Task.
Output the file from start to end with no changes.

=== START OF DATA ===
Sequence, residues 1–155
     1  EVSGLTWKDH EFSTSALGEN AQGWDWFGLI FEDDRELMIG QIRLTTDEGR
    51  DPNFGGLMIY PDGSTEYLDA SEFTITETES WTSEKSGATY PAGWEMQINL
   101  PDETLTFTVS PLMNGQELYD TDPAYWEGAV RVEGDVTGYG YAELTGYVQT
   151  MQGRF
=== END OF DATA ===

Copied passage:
Sequence, residues 1–155
     1  EVSGLTWKDH EFSTSALGEN AQGWDWFGLI FEDDRELMIG QIRLTTDEGR
    51  DPNFGGLMIY PDGSTEYLDA SEFTITETES WTSEKSGATY PAGWEMQINL
   101  PDETLTFTVS PLMNGQELYD TDPAYWEGAV RVEGDVTGYG YAELTGYVQT
   151  MQGRF